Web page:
There are so many camera straps available out there in many material types such as nylon or leather. Hopefully, this Tanner Goods leather camera strap review will be of use to you. Shortly after I purchased my first DLSR in 2014, I visited the recently opened Tanner Goods flagship store in Downtown LA. At the time, Tanner Goods was still using Horween Chromexcel as their primary leather with the colorways “Rich Moc”, “Chicago Tan”, “Dark Oak”, Black, and Natural. Every couple of years, Tanner Goods switches the leather on their goods to change things up. I had a hard time deciding between Chicago Tan and Rich Moc. I ended up purchasing the Rich Moc camera strap because I felt that the light brown tone would patina well. The Dark Oak was a medium brown and would have been a solid choice also. I liked the simple design of the strap and lack of “synthetic” materials (other than the nylon cords).
To me, Tanner Goods and Horween Leather come hand in hand. I feel that the brand’s success was because of their selection of leather, particularly Chromexcel, at an early time when not many other leather makers were using it. Nowadays, CXL is very prominent especially in footwear.
Tanner Goods SLR Camera Strap in “Rich Moc” Leather
Price: $130 USD
- Made of 3.5oz Horween Chromexcel Leather
- Attaches to camera via two high density nylon cords
- Nonmetal hardware attachment reduces possibility of damage to camera
- Easily detachable for tripod use
- Burnished, waxed, and dyed by hand
- Dimensions 36″ end to end
- Made in the USA
The design of the camera strap is pretty innovative. It uses Tanner Goods’ signature belt loop and brass button stud attachment which is very secure. While many companies use a button stud, Tanner Goods went further to secure it using a leather loop so that unintended stress in any direction will not detach the leather. While I have no doubt that the button stud will stay secured, the leather loop adds that extra comfort of mind.
The main leather piece that sits on your neck or shoulder has 6 parallel slits on each side. The straps are connected to this piece by weaving through these slits alternatingly and then looping through itself to secure it. This placement allows the strap to occupy 3 of the 6 slots at a time. The camera strap initially comes with the straps at their longest (aka the lateral-most 3 slots of the 6). If you want to shorten the straps, you can remove them and position them in the slots more towards the center. Therefore, there are 4 potential positions to shorten/lengthen the strap. (654, 543, 432, 321).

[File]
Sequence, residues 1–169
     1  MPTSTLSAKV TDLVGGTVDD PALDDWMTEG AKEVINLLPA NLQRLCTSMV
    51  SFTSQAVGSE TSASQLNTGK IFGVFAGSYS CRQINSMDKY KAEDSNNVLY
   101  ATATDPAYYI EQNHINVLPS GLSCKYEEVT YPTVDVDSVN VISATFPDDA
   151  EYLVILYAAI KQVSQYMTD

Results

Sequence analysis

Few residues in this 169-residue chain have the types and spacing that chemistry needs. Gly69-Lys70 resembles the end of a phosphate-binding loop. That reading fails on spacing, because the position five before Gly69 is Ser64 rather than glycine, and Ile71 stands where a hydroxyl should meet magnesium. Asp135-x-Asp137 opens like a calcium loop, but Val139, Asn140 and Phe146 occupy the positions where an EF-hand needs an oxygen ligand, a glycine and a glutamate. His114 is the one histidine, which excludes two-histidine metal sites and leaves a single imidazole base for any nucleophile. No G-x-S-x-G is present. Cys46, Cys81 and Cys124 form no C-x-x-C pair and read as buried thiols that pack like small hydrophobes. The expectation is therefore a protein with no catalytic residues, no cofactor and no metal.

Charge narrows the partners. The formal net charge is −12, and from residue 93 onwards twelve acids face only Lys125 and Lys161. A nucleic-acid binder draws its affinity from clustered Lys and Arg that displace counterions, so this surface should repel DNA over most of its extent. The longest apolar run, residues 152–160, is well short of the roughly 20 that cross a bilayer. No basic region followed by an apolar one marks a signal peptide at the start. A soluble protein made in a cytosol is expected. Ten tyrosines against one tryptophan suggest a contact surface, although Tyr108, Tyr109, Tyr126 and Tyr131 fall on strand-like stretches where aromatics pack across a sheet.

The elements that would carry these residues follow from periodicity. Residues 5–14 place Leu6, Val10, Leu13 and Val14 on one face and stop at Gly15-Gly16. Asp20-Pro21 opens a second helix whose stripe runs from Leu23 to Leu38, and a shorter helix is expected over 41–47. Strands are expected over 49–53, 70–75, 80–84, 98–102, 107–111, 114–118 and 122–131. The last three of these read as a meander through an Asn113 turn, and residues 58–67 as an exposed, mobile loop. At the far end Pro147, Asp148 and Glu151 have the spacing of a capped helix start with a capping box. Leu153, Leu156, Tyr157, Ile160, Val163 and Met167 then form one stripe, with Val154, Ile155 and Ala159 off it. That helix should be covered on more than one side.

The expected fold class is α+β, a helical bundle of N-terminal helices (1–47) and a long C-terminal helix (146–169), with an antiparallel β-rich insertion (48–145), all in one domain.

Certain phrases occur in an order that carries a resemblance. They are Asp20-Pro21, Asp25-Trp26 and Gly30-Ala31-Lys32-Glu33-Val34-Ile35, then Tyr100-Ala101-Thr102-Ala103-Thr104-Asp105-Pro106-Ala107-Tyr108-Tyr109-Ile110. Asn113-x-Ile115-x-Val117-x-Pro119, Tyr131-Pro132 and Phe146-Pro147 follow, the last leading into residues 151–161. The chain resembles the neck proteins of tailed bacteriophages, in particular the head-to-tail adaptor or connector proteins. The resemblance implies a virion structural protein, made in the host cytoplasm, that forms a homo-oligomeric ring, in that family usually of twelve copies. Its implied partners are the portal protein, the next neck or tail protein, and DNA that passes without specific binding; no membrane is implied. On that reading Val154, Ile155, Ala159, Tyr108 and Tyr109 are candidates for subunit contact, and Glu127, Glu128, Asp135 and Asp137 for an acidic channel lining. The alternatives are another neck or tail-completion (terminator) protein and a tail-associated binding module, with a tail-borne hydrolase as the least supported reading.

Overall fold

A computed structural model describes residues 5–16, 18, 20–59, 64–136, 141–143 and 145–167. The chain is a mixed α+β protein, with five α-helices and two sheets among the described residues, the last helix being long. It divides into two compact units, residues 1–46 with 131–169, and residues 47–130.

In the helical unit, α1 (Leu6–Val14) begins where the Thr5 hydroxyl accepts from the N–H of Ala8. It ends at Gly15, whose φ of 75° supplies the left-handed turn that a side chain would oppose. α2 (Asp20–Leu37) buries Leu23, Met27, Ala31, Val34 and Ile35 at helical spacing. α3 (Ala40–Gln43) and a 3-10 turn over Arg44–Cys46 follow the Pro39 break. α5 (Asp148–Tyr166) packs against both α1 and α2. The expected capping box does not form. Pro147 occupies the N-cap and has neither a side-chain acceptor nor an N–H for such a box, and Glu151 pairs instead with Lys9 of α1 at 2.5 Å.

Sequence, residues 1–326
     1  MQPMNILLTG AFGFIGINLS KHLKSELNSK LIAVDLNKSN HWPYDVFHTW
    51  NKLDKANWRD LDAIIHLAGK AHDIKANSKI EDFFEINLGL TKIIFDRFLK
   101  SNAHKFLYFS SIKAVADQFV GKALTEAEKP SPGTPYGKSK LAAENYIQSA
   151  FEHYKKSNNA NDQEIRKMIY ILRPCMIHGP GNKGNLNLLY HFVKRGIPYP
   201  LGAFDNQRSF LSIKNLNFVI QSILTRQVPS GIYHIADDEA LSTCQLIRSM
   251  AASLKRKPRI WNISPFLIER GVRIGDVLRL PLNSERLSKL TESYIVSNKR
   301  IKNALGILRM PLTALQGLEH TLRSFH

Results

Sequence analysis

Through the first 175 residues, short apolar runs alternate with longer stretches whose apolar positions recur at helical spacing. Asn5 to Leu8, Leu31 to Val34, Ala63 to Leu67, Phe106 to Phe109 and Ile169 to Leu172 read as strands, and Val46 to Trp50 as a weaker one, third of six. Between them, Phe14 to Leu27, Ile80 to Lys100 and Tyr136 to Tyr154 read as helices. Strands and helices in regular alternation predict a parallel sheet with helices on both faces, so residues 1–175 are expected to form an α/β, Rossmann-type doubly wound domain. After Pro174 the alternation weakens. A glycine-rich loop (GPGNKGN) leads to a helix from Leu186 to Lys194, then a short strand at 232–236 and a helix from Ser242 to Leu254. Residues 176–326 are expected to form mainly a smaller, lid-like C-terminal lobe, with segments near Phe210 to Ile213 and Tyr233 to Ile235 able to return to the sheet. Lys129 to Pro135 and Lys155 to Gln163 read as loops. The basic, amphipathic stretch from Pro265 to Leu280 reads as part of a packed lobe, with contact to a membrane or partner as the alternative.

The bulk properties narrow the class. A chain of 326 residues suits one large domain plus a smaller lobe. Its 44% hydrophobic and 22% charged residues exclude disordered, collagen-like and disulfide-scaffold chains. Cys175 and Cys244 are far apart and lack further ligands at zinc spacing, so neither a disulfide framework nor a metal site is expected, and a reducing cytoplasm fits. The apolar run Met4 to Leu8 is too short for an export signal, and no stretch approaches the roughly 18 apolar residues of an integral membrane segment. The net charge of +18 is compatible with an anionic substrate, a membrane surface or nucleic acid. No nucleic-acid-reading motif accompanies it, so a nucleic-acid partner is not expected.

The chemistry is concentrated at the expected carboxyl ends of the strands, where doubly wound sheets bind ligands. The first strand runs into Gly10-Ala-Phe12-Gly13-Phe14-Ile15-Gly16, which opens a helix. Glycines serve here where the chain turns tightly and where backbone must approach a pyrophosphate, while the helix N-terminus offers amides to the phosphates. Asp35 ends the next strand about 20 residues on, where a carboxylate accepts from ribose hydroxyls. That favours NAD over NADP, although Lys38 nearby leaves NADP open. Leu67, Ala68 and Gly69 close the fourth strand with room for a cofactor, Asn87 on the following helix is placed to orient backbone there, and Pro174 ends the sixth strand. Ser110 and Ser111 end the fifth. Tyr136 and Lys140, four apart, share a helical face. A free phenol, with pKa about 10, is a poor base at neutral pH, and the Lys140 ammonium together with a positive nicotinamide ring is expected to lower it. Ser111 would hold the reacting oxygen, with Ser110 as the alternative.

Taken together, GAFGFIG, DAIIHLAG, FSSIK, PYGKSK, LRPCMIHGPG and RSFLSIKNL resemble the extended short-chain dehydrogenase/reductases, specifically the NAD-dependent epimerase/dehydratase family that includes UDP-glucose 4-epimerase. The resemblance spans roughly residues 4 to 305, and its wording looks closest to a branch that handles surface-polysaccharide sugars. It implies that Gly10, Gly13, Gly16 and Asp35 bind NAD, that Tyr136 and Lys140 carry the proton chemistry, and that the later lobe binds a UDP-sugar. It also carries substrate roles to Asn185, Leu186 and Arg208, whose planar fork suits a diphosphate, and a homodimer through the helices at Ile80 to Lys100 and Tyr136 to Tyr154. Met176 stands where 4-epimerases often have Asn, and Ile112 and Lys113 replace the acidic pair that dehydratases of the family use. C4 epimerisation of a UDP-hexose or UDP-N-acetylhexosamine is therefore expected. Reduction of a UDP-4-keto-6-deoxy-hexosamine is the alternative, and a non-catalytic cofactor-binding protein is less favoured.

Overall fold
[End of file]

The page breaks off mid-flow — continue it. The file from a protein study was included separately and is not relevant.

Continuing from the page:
I’ve carried a DSLR with a hefty lens without any problem or doubt. The main strap actually has a curved side which is supposed contour around your neck. Keep that in mind when you’re re-attaching the cords! Personally, it doesn’t make a difference to me whether the shoulder strap is facing the correct way as I carry the strap on my shoulder not neck.
I have tried to utilize the inner slots to shorten the strap length on several occasions but felt that in doing so, the main leather piece sticks out at its ends, making it look awkward. Also, it takes several minutes to adjust the straps, using the other side as a model to find out what loops through what. Ever since, I just leave it on the most longest position which is the most natural looking as the strap position allows the main shoulder/neck piece to completely curve. Moving to the straps shortest position only decreased the total length by about 4 inches!
The stitching and leather burnishing is very well done on the main leather piece. The lateral straps, however, do not have burnished edges which is one of my main irks. This leads to the straps having “fuzzy edges” which looks like a bad hairday! Perhaps the straps could not be burnished because of they were too thin.\
A trick that I used to get the nylon cord through my Fuji X-T10 was using dental floss to thread it through. On larger cameras, it is more practical to use O rings.
I love how easily the straps can detach so that it does not dangle in the way when on the tripod. Another technique is to to wrap the strap several times around my hand to prevent the strap flopping in front of my camera. The straps do not have any metal hardware that can scratch your camera. The nylon cords at the ends seem very securely riveted to the leather. But if anything were to fail first, it would probably be the nylon cords detaching.
I nearly forgot about the MSRP of the Tanner Goods camera strap being $130. Even though the price was steep, it’s pretty much been the only camera strap I’ve used. I like the design and innovation of Tanner Goods being made of a material that ages gracefully. You can, however, find the straps lightly used on eBay for around $70-80. That’s a more affordable price!
The Rich Moc Chromexcel leather developed very prominent creases and perhaps even creased in an undesired looking manner. However, this creasing does not at all affect the durability of the product and is just cosmetic. The second Natural tooling camera strap that I also owned has darkened significantly in the places exposed.
The current leather that Tanner Goods uses is English Bridle Leather. I haven’t had much experience with that leather, but the design of the strap is still the same. One thing I love about Chromexcel is how soft it starts with. The Bridle Leather that I felt in person initially felt a lot more rigid and dry.
When I’m not using the camera or strap, it’s stored away safely in my Filson Photographer’s Backpack (check out that review here)!